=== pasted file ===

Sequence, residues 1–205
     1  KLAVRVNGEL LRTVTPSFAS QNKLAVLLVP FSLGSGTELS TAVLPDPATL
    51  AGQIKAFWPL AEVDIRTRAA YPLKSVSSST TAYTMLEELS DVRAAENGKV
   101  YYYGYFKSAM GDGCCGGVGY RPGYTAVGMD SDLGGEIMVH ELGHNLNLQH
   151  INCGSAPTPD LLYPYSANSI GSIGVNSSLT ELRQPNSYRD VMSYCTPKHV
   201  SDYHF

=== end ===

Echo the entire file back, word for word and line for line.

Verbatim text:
Sequence, residues 1–205
     1  KLAVRVNGEL LRTVTPSFAS QNKLAVLLVP FSLGSGTELS TAVLPDPATL
    51  AGQIKAFWPL AEVDIRTRAA YPLKSVSSST TAYTMLEELS DVRAAENGKV
   101  YYYGYFKSAM GDGCCGGVGY RPGYTAVGMD SDLGGEIMVH ELGHNLNLQH
   151  INCGSAPTPD LLYPYSANSI GSIGVNSSLT ELRQPNSYRD VMSYCTPKHV
   201  SDYHF